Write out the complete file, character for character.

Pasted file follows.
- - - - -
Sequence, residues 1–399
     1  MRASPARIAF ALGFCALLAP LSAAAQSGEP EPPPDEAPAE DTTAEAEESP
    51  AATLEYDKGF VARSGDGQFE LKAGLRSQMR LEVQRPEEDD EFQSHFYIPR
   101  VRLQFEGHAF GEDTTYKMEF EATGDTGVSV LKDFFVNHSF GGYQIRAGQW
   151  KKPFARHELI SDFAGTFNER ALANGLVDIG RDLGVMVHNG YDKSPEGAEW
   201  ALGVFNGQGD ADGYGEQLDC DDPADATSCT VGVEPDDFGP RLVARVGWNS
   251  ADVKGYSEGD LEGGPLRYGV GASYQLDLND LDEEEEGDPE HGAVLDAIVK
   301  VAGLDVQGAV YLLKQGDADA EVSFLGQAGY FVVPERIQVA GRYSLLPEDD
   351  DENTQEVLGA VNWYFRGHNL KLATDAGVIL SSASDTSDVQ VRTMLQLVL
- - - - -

Sequence, residues 1–399
     1  MRASPARIAF ALGFCALLAP LSAAAQSGEP EPPPDEAPAE DTTAEAEESP
    51  AATLEYDKGF VARSGDGQFE LKAGLRSQMR LEVQRPEEDD EFQSHFYIPR
   101  VRLQFEGHAF GEDTTYKMEF EATGDTGVSV LKDFFVNHSF GGYQIRAGQW
   151  KKPFARHELI SDFAGTFNER ALANGLVDIG RDLGVMVHNG YDKSPEGAEW
   201  ALGVFNGQGD ADGYGEQLDC DDPADATSCT VGVEPDDFGP RLVARVGWNS
   251  ADVKGYSEGD LEGGPLRYGV GASYQLDLND LDEEEEGDPE HGAVLDAIVK
   301  VAGLDVQGAV YLLKQGDADA EVSFLGQAGY FVVPERIQVA GRYSLLPEDD
   351  DENTQEVLGA VNWYFRGHNL KLATDAGVIL SSASDTSDVQ VRTMLQLVL